Henry Grabar is a staff writer for Slate’s Moneybox and a former fellow at CityLab. He lives in New York.
WMATA's new design proposals foretell a busier, uglier future.
D.C.'s Metrorail system is growing. And so is its map.
The Silver Line, whose first stops will open later this year, will eventually — finally — provide a rail connection between the city and Dulles International Airport, a welcome alternative to one of the metro area's more expensive taxi rides.
But the expansion means the Washington Metropolitan Area Transit Agency's iconic rail map, the latest iterations of which were released this week, is starting to look more crowded than a downtown platform at rush hour. The system has been expanding regularly [gif] and with grace since Lance Wyman designed the first map in 1976, but the Silver Line poses a new challenge: three lines running on the same track.
Wyman's design prizes clarity over geographic specificity. With thick, vivid cables for routes, the scheme became a favorite for its simplicity and legibility. But now we're confronted with a hefty, tripartite band winding through downtown. After taking suggestions from riders and readers, WMATA put forth two new concepts (split by the slider across the center), neither of which addresses the issue:
It seems the choice, at this point, is between "whiskers," shown on the three-line stations on the left side the map, or "capsules," shown on the three-line stations on the right. The coiled, tri-colored snake -- and this represents a reduction in thickness from previous iterations -- looks here to stay.
D.C.'s isn't the first subway map to run three lines in one place. The Berlin U-Bahn map has four lines running together, and London easily manages three. The difference is that those maps have much thinner lines, which makes a multi-line-combo more graphically palatable.
Map designer Cameron Booth addresses this issue with his proposed revision of the D.C. Metro map, which was the "People's Choice" winner in a poll at D.C.-area transit blog Greater Greater Washington a couple years ago. "With the addition of the Silver Line and new peak services," Booth wrote in his submission, "the thick, chunky lines of the old diagram just aren't going to work anymore." Instead, Booth slimmed down the lines so that even while adding in the Silver Line, as well as new lines to distinguish peak and off-peak services, the result was a map that looks sleeker than the current proposal. His map shows as many as four lines running together in bundles that resemble the striped trunks of Massimo Vignelli's scheme for New York's subway map.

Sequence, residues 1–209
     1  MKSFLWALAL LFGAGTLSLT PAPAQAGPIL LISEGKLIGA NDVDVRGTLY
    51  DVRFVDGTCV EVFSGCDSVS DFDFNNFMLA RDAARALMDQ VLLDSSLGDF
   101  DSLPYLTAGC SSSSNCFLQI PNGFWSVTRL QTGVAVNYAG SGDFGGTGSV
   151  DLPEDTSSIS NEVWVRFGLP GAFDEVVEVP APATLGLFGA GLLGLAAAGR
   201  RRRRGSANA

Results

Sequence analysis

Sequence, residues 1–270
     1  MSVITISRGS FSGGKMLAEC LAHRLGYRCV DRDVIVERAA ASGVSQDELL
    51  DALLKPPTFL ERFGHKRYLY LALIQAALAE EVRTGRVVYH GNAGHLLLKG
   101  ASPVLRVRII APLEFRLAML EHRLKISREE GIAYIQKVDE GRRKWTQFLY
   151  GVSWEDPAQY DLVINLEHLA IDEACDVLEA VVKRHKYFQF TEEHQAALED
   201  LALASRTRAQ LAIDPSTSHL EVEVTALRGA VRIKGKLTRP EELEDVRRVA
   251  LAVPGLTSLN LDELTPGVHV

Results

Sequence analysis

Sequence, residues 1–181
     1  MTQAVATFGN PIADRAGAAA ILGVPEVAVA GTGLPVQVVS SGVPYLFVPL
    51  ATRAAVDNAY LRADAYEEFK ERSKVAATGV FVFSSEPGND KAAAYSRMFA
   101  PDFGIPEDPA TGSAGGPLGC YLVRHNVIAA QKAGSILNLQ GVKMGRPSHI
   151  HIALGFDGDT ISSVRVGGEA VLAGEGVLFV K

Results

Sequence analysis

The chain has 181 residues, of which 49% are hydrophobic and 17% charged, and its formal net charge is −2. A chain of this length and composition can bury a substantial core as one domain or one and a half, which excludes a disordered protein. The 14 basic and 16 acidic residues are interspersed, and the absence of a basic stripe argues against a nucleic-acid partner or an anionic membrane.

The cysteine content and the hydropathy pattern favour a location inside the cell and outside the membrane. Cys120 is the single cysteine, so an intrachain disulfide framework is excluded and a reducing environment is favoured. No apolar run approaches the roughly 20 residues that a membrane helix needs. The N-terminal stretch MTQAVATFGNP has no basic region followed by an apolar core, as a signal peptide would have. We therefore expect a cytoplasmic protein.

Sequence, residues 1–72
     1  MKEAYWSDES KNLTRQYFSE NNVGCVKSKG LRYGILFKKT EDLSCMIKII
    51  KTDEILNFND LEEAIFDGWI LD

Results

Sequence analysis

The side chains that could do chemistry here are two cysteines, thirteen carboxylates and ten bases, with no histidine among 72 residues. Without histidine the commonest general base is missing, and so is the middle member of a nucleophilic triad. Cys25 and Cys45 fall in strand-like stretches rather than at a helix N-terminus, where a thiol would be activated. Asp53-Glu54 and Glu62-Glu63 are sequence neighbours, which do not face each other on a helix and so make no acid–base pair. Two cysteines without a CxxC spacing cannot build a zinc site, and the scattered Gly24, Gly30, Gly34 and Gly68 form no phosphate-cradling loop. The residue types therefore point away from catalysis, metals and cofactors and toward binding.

It's easy to understand why D.C. is reluctant to dispense with an icon whose robust and brilliant graphics have greeted visitors to the capital for almost 40 years. For smaller systems like those of Boston, Marseille or Liverpool, thicker lines are de rigeur: they give a sparser network greater visual impact.
But actually, D.C. doesn't need to ditch or clutter its classic design. It could just call the Silver Line what it really is: a branch of the Orange/Blue trunk with alternate termini. This option had appeared on an official WMATA survey (results, to the best of my knowledge, never published), but seems to have fallen out of favor, especially once the Silver Line trains were extended to a new eastern terminus with the Blue Line at Largo Town Center.
It certainly sounds better to say that the District has spent $6.8 billion on a sixth Metro line rather than an alternate terminus of an existing one. But do the 11 new stations, veering northwest through suburban Virginia, a new line make? In a major transit system, the answer surely ought to be: no. Orange and Silver have more stations together than either one has apart, and for anyone traveling in or to the District, the distinction between the two will be irrelevant.
Additionally, and this is not to diminish the importance of the Silver Line project, once routes with subtle differences are expressed in different colors, the simplicity of the map will be hard to maintain, as in this satirical illustration by GGW's David Alpert. It's not hard to see how this could get out of hand.
One option would be for D.C. to adopt New York City's strategy, whereby each "color" is divided up into several letters or numbers denoting variations in the route. But a more amenable fix might be found in London's suburban branching strategy. The Tube's District Line has five separate endings, two eastbound and three westbound. The Metropolitan line has a remarkable four different termini going one way. If they were all colored differently, the resulting map would be inscrutable. Instead, each train is simply labeled with its destination.
If WMATA colored the new construction Orange and labeled each train with its destination, it wouldn't create much additional hassle for riders, since with three different lines coming in and out of D.C. stations, riders must check each train for markings anyway. As it is, riders on some Virginia-bound Yellow line trains already must distinguish between two termini.
To minimize directional differentiation, WMATA could even call the new Dulles Extension an alternate branch of the Blue Line, since trains to Franconia and Dulles will both originate at Largo Town Center in Maryland.
That won't solve the Silver Line's biggest problem: its effect on the service of the other lines, given limited center city tunnel capacity. But the map, at least, could remain simple and elegant.
All images courtesy of the WMATA.